The thing is that none of these public choices take place in a vacuum. Absent the gnarled context of these collisions of racism and romantic choices, Jesse, Harry, Sidney and others are simply individuals making very personal choices. Do they ever look in the mirror and ask themselves about these dynamics? We’ll probably never know. But when their words and actions are considered in the context of their pro-Black activism and projected upon a public screen for our consumption, we can’t ignore the complexities of the optics, the triggers embedded in the messages and the way they’re likely to impact different groups of people based on their own lives and racial histories.

This isn’t about woke Black men swirling being good or bad. It’s not that simple or simplistic. This is about America and her racial history, about how notions of beauty and desirability shape all of us in our formative years, inform our adult choices, and set us up to have to wrestle with these issues in personal and sometimes very public ways.

There is no consensus to be reached or conclusions to wrap this all up in a neat, post-racial package. The point is to have these conversations as honestly as we can, sharing our differing–and often divergent–perspectives with full acknowledgement that each person’s truth is valid, knowing that sometimes our experiences will bump up against each other in uncomfortable ways. But if we’re serious about addressing racism to create something better, we must heed James Baldwin’s wisdom that, “Not everything that is faced can be changed. But nothing can be changed until it is faced.”

And we must continually work to untangle the personal from the political and honor the sometimes ugly truths of each others’ lived experiences if we are to ever find common ground. Long after we have forgotten Jesse Williams’ name and ceased to care about his personal life, the underlying dynamics will remain to challenge our choice to either maintain the status quo, or believe that we deserve and can create something better. If we’re genuinely down to tackle that hurdle, then maybe we’ll get to the point where celebrity activists’ personal romantic and sexual choices can truly be just that, and nothing more.

Until then, a luta continua, the struggle continues.

 

 

 

 

 

 

 

 

 

Crisis Communications 101: Lessons to be Learned from Luvvie’s Fauxpology

The planet Mercury is retrograde, mucking up communications like nobody’s business. Maybe popular blogger/influencer/author Luvvie Ajayi is more deeply impacted by these communication misfires than the rest of us. But I’m not quite ready to give her a planetary pass for the fauxpology she recently issued after publicly trashing unnamed Black and Mixed-race activists in a Facebook post, then spending most of the week defending her rant.

 

luvvie fauxpology snip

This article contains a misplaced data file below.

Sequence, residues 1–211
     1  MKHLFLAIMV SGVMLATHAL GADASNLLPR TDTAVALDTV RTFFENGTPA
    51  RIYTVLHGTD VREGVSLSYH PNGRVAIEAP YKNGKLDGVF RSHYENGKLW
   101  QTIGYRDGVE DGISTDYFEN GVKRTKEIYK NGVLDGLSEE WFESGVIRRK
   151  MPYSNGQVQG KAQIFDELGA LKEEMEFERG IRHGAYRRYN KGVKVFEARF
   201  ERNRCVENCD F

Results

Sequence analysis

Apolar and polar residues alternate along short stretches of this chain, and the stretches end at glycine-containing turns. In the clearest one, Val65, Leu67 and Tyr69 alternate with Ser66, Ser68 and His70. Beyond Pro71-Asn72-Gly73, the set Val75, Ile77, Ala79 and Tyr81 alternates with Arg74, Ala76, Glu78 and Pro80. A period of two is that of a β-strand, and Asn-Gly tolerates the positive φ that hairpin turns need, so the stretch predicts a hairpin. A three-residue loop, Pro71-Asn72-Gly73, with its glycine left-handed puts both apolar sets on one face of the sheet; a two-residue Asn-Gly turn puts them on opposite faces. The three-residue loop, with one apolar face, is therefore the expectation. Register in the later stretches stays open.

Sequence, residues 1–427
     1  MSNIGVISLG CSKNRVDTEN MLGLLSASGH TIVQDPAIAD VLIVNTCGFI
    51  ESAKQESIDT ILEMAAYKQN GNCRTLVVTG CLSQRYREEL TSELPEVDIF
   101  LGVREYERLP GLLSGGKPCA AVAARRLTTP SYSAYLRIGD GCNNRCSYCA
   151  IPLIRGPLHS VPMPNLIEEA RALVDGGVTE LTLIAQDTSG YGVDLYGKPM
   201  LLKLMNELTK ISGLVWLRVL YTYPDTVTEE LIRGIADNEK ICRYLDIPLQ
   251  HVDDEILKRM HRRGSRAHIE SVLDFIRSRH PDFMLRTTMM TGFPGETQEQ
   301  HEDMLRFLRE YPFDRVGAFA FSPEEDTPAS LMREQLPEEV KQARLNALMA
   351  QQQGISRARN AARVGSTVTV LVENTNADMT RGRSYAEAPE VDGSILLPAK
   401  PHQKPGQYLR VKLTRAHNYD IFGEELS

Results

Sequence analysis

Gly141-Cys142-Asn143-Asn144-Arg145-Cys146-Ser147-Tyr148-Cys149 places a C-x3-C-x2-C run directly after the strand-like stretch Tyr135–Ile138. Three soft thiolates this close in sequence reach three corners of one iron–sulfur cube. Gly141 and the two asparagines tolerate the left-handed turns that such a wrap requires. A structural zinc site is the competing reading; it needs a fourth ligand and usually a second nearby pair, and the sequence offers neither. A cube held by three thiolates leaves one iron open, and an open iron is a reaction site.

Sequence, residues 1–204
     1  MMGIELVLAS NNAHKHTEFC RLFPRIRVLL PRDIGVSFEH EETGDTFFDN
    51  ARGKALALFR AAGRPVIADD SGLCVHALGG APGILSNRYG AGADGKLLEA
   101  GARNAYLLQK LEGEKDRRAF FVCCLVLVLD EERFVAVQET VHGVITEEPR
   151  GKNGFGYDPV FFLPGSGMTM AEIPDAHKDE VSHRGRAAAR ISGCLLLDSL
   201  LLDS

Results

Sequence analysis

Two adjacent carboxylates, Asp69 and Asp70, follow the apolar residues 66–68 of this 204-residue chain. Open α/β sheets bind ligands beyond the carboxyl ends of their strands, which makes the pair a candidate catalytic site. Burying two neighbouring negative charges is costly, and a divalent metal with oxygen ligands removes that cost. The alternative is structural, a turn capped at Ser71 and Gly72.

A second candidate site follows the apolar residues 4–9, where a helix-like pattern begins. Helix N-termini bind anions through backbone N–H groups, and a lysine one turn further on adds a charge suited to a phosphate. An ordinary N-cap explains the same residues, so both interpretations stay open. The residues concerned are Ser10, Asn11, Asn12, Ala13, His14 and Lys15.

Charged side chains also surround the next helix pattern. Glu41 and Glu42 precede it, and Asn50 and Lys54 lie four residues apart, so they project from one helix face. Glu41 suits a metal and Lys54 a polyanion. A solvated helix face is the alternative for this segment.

I’m going to analyze this from two of my areas of expertise: as both a Mixed-race identity activist, and and as a veteran strategic communications expert with special cred in crisis communications. My receipts in this area include Spelman College and other HBCUs, the Children’s Defense Fund Black Community Crusade for Children, speechwriting for high-level government officials, and teaching public speaking at Temple University, along with more than a decade of executive consulting in the public and private sectors.

 

Let’s break this down:

First–context. Now that Luvvie’s platform and spotlight are shining way beyond her blog and social media presence, her words and messaging are impacting other people and platforms beyond her own. It is possible that her being featured as one of the most “Woke” women in the new issue of Essence magazine, might have spurred someone in her circle to help her to realize this. And since monthly magazine content and covers are typically wrapped up weeks or several months ahead of publication, Essence was loving Luvvie long before her problematic FB post.

luvvie essence group

Luvvie is 3rd from left.

Reference: Here are her original offending rant and my response.

Now for our Crisis Communications case study analysis:

  1. She begins the fauxpology by centering herself in the narrative and talking about what a bad week it’s been for her and her spirit without taking any responsibility for having created the “shitstorm” in the first place. This sounds like she’s complaining about the natural consequences of her choice to trash the activists rather than feeling any actual remorse or experiencing a real revelation. Solution: Reference yourself, not the victims, and stick to owning your offense and taking full responsibility for the impact and outcomes that it created.
  2. Unlike in her original post, the fauxpology has a glaring omission of Black people and a total focus on Mixed-race folks. “I should not have broadly generalized a whole group of my people based on a few people. My mixed race comment offended a bunch of you…”  Where is the reference to the Black activists who were the focus of most of her rant? Why the singular focus on only Mixed-race and light-skinned people who were clearly not the main target? Rather than saying, “My mixed race comment offended a bunch of you,” an apology would say, “My comments about both Black and Mixed-race activists were offensive.” And P.S. to everybody: You don’t upper-case Black and lower-case Mixed-race, or vice versa for that matter. Just: No on that passive-aggressive foolishness.